Sony SIRC Protocol

I've collected and combined some information found on the internet about the Sony SIRC protocol. I must admit that I have never worked with this particular protocol, so I could not verify that all information is valid for all situations.
It appears that 3 versions of the protocol exist: 12-bit, 15-bit and 20-bit versions. All versions have 7 bits reserved for the command. The 12-bit version has 5 bits reserved for the address, while the 15-bit version has 8 bits reserved for the address. Oddly enough the 20-bit version has a 7-bit command and a 5-bit address length. The extra 8 bits, which follow the address, are called the extended bits. I can only assume that the extended bits extend either the address range or the command range. But when would you ever need more than 128 keys anyway.

Please note that a lot of confusing documentation about the SIRC protocol exists on the internet. At first I contributed to the confusion by assuming the correctness of the source documents I found myself, until someone with some SIRC experience informed me about my errors. I double checked his story with a universal remote control and a digital storage oscilloscope, and found that the bit and word order I documented were indeed wrong.
The protocol information on this page is according to my own measurements and should be correct now.


  • 12-bit version, 7 command bits, 5 address bits.
  • 15-bit version, 7 command bits, 8 address bits.
  • 20-bit version, 7 command bits, 5 address bits, 8 extended bits.
  • Pulse width modulation.
  • Carrier frequency of 40kHz.
  • Bit time of 1.2ms or 0.6ms.


Sony SIRC Modulation

The SIRC protocol uses pulse width encoding of the bits. The pulse representing a logical "1" is a 1.2ms long burst of the 40kHz carrier, while the burst width for a logical "0" is 0.6ms long. All bursts are separated by a 0.6ms long space interval. The recommended carrier duty-cycle is 1/4 or 1/3.


Sony SIRC Pulse Train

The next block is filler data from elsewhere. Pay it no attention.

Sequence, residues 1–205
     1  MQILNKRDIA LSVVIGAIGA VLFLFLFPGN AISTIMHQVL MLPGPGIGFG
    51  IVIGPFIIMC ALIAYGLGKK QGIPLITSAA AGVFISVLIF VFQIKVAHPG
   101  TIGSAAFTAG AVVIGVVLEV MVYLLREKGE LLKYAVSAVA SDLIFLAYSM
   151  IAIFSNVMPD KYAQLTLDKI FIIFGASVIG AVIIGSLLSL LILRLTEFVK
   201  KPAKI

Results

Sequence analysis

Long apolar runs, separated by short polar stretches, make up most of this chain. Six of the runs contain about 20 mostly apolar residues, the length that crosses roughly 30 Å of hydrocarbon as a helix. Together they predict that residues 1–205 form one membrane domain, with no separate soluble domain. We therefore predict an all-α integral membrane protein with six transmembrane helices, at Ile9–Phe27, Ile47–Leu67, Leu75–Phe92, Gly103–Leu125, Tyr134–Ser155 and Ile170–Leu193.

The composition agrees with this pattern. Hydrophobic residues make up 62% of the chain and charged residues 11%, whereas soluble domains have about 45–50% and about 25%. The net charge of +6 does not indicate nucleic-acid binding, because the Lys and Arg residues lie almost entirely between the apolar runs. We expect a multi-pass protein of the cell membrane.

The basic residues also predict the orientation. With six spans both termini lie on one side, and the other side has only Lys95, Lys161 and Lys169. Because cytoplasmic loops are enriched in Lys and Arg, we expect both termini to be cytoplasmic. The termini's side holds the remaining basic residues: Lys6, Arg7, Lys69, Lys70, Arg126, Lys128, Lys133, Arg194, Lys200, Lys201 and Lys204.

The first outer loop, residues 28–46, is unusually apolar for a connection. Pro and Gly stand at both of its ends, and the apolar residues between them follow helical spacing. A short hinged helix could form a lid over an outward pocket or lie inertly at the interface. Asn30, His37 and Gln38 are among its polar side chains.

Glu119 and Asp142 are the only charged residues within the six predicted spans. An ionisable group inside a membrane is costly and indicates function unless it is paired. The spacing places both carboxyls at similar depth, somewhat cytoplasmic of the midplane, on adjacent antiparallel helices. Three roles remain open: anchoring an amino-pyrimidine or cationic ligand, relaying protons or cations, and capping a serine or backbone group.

The picture above shows a typical pulse train of the 12-bit SIRC protocol. With this protocol the LSB is transmitted first. The start burst is always 2.4ms wide, followed by a standard space of 0.6ms. Apart from signaling the start of a SIRC message this start burst is also used to adjust the gain of the IR receiver. Then the 7-bit Command is transmitted, followed by the 5-bit Device address. In this case Address 1 and Command 19 is transmitted.

Commands are repeated every 45ms(measured from start to start) for as long as the key on the remote control is held down.

After counting 12 or 15 bits the receiver must wait at least 10ms to make sure that no more pulses follow. That way the receiver can decide which one of the 3 possible SIRC protocols it is receiving.

Example Commands

The table below lists some messages sent by Sony remote controls in the 12-bit protocol. This list is by no means meant to be complete, as the assignment of functions is probably quite dynamic.

2VCR 1
3VCR 2
6Laser Disk
12Surround Sound
16Cassette Deck / Tuner
17CD Player

0Digit key 0
1Digit key 1
2Digit key 2
3Digit key 3
4Digit key 4
5Digit key 5
6Digit key 6
7Digit key 7
8Digit key 8
9Digit key 9
16Channel +
17Channel -
18Volume +
19Volume -
23Audio Mode
24Contrast +
25Contrast -
26Colour +
27Colour -
30Brightness +
31Brightness -
38Balance Left
39Balance Right